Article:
Let us begin with the topic of representation. Members of pastoral councils, canon 512 tells us, are to be representative of the Catholic people. But this canon does not mean that council members are to be elected as our political representatives are, nor does it mean that council members are to champion the interests of those who elected them. Pastoral Council members are to be chosen, states canon 512, so “that the entire portion of the people of God which constitutes the diocese is truly reflected, with due regard for the diverse regions, social conditions, and professions of the diocese as well as the role which they have in the apostolate.” In other words, council members are to reflect the wisdom of the people–all the people. Representative council members make wisdom present.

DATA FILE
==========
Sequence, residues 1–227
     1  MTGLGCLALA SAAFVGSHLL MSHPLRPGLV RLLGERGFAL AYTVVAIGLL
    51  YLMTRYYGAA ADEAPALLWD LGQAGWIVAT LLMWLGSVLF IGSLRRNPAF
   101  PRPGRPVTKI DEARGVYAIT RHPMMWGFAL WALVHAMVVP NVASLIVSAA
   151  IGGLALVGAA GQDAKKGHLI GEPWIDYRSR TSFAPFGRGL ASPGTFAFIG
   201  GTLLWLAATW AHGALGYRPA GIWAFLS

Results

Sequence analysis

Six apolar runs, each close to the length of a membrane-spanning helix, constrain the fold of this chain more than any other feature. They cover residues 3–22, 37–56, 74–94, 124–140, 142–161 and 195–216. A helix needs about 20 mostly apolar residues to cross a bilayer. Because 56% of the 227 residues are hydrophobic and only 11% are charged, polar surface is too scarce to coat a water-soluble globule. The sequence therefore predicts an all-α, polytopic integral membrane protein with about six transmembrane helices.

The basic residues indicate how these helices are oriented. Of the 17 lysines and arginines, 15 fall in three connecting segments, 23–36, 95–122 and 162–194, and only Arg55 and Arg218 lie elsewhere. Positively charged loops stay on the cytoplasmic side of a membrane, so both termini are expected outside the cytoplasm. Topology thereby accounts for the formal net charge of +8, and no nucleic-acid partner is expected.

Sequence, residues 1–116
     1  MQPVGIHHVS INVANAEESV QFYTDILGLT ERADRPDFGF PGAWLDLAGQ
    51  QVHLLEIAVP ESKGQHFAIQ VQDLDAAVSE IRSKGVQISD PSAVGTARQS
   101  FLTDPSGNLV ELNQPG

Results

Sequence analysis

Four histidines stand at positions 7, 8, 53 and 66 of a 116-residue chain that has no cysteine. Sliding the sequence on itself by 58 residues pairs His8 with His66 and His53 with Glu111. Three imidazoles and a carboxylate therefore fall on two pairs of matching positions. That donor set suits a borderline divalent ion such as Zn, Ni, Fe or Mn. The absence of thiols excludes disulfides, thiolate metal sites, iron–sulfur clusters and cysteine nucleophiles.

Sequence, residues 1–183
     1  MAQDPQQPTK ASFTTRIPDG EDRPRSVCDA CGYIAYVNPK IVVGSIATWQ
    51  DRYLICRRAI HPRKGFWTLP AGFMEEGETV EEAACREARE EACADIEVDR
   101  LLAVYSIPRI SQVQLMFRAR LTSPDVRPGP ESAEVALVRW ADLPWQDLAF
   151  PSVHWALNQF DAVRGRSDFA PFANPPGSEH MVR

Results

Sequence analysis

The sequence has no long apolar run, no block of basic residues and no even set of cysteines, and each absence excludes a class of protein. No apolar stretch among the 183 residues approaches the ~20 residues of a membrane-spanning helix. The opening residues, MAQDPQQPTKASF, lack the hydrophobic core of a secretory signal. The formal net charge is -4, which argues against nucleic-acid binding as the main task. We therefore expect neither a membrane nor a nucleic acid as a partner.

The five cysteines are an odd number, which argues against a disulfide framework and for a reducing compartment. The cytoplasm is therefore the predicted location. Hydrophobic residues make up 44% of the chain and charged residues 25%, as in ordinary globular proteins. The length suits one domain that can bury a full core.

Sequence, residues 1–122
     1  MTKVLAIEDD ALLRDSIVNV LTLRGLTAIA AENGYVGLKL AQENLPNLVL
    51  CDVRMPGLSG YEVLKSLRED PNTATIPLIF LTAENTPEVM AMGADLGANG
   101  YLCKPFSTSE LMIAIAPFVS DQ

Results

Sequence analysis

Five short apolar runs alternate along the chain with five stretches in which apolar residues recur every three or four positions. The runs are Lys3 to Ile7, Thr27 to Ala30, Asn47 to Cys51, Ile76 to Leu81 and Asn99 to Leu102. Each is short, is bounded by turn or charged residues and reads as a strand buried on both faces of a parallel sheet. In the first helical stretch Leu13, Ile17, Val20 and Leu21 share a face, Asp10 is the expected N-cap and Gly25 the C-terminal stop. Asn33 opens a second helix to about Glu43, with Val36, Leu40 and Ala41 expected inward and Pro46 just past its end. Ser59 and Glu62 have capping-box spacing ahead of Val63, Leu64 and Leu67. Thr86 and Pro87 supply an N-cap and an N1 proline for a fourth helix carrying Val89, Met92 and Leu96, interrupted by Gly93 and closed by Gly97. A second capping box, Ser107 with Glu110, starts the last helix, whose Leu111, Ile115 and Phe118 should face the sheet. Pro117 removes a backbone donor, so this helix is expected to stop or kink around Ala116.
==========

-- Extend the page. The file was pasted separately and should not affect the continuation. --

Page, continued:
To tell the truth, council members are representative in the same way that the pastor is representative. The pastor’s task is neither to represent his parish constituency nor to represent his bishop. Rather, the pastor’s responsibility is to represent Christ. He does this by trying to be a true disciple, by serving in a selfless way, and above all by making Christ present in word and sacrament. That is representation in the Christian sense, both for pastors and for councilors.
By contrast, consider the nature of representation in the U.S. political system. Elected officials represent, for good or for ill, the people who elect them. Some interpret this trust in a trivial way: they “earn” our votes by merely promising to represent our interests. The goodness of our interests is less important to the venal politician than the pragmatic goal of satisfying voters and getting re-elected. The wise politician, by contrast, understands representation in a deeper way. Representation means knowing the electorate and expressing its truest aspirations. This is noble, as far as it goes. But in Church consultation, representation means something even more profound. It means making God’s own wisdom present.